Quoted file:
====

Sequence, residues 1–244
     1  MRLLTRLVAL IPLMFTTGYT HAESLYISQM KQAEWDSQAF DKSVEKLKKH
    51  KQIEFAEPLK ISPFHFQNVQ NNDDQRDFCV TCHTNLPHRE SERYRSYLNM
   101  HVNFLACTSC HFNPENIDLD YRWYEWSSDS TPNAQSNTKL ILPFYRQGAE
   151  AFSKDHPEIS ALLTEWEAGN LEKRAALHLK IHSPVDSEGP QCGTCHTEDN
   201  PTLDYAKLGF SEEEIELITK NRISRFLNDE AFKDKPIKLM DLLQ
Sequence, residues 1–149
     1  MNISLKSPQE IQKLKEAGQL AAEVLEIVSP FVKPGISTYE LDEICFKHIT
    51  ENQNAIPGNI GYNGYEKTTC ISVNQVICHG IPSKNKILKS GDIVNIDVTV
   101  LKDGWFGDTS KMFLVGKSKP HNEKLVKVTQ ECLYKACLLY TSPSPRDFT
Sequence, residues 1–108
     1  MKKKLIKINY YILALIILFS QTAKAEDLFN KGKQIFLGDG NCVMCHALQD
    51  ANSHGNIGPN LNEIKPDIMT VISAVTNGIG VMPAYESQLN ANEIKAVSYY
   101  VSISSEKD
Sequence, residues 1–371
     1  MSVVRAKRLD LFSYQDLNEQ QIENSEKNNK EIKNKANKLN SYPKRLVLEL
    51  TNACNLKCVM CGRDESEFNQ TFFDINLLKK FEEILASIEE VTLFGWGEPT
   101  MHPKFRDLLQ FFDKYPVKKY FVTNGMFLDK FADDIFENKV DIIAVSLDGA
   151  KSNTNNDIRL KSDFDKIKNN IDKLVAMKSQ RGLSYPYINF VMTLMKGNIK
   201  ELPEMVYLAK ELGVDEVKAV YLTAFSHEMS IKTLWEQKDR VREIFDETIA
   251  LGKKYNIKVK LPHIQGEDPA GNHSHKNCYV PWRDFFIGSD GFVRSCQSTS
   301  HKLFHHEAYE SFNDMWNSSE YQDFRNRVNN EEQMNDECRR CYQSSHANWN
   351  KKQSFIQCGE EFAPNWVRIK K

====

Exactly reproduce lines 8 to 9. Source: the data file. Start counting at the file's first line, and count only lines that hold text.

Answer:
     1  MNISLKSPQE IQKLKEAGQL AAEVLEIVSP FVKPGISTYE LDEICFKHIT
    51  ENQNAIPGNI GYNGYEKTTC ISVNQVICHG IPSKNKILKS GDIVNIDVTV